Each month, I look forward to reading Martha Beck’s column in Oprah Magazine. The Harvard-educated psychologist uses her extraordinary storytelling ability to help her readers create more satisfying and meaningful life experiences.
In Finding Your Way in a Wild New World, Beck urges us to embrace our wildness and carve out different lives for ourselves as she addresses two basic questions: “How the hell did I get here?” and “What the hell should I do now?”
Having read her previous bestsellers—Finding Your Own North Star, Steering by Starlight, Expecting Adam—I knew enough not to expect another pop cultural self-help book. And I wasn’t disappointed. This book has all the ingredients necessary to create positive change in your life, whether you are new to the spiritual path or a seasoned traveler.
Beck walks the walk and she crosses an ocean to do so. The book is based on her experiences in Londolozi, a game preserve in South Africa. Throughout the book, she talks about her encounters with the animals and the lessons she learned along the way.
Her excellent command of the language is evident in the following descriptions: “The rhino, half hidden behind a thorn bush, cocks her primordial-looking head—which is roughly the size of a grocery cart—and swivels her satellite-dish ears toward us” and “Because cheetah’s tongues are like industrial-grade sandpaper, it’s physically excruciating; with every kiss, the cheetah seems to be removing significant layers of skin.”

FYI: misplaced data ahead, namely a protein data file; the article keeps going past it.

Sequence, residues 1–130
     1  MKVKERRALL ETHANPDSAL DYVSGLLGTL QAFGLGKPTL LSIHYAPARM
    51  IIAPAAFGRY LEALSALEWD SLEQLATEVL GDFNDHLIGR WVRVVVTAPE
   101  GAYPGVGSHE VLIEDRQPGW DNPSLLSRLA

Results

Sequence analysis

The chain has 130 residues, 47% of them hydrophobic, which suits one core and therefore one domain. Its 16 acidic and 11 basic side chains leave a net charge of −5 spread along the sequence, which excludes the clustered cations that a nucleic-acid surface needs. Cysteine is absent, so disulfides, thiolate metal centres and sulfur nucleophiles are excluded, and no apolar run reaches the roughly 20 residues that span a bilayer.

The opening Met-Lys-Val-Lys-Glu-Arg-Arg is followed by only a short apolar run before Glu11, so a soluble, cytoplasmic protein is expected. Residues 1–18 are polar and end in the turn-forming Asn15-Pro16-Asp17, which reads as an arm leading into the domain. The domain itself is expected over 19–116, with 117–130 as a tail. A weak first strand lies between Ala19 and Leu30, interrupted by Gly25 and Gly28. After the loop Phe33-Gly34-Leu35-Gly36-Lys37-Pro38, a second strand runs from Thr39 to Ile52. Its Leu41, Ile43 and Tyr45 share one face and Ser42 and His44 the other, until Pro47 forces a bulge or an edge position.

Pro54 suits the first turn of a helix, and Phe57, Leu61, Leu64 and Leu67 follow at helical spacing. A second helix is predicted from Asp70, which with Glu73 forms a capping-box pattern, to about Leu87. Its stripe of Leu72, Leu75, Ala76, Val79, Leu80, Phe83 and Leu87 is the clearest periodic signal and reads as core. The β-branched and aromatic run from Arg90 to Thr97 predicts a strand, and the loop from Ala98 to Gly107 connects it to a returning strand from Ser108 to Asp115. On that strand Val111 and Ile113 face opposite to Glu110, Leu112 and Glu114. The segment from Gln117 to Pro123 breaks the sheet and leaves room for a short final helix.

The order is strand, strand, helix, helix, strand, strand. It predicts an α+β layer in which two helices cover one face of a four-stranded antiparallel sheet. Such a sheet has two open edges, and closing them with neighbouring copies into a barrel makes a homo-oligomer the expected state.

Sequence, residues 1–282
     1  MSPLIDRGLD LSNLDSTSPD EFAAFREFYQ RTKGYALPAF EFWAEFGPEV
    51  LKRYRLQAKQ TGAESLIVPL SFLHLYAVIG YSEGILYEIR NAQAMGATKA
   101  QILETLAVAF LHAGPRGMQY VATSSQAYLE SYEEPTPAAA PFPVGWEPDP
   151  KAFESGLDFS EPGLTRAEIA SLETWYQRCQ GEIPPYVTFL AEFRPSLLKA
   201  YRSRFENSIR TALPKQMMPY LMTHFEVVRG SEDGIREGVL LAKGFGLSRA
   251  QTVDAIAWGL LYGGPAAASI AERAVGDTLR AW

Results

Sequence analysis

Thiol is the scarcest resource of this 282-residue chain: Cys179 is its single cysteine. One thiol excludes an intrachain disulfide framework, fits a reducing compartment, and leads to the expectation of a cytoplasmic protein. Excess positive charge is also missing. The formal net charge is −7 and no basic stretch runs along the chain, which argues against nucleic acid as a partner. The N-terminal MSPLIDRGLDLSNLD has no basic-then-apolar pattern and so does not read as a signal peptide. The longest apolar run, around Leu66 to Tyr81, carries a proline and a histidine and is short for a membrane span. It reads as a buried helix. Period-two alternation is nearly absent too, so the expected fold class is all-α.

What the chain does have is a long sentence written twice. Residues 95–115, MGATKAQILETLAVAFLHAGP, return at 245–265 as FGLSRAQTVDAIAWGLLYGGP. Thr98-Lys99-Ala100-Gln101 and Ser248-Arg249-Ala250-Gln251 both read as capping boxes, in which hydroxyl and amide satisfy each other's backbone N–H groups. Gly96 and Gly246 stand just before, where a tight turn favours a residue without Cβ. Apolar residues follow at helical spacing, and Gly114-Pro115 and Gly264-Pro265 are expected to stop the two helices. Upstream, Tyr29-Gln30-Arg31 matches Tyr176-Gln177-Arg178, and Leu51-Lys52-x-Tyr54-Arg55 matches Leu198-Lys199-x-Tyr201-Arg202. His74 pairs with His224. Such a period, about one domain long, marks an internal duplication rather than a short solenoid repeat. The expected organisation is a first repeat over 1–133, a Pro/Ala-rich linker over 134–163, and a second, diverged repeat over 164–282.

She does not hesitate to point out her own personal foibles, reflecting a self deprecating sense of humour. After providing us with the healthy ingredients for a green “gorilla” smoothie, she adds the following instructions: “Throw all this stuff in a blender, where it will form a lovely still life of deeply saturated color. Then push the button and wait until the whole thing looks as if you already ate it, then threw up. Really, it might not be pretty, but your body will love it.”
This book is intended for wayfinders, “people who feel an internal call to heal any authentic part of the world, beginning with their own true nature.” Throughout the book, Beck talks about gathering a team of these people. She demonstrates four simple tools for transformation—wordlessness, oneness, imagination, creation—and includes step-by-step instructions and guided reflections designed to get us out of our mental ruts.
As Martha Beck Beck says, “If you’re a born mender, you’ll pursue this in spite of yourself. And as you find it, you’ll automatically become the change you wish to see in the world, healing the true nature of the people and things around you.”
It’s the kind of book you don’t read in one sitting. Instead, you reflect on each chapter and then at the end, go back and reread it, gaining new insights along the way.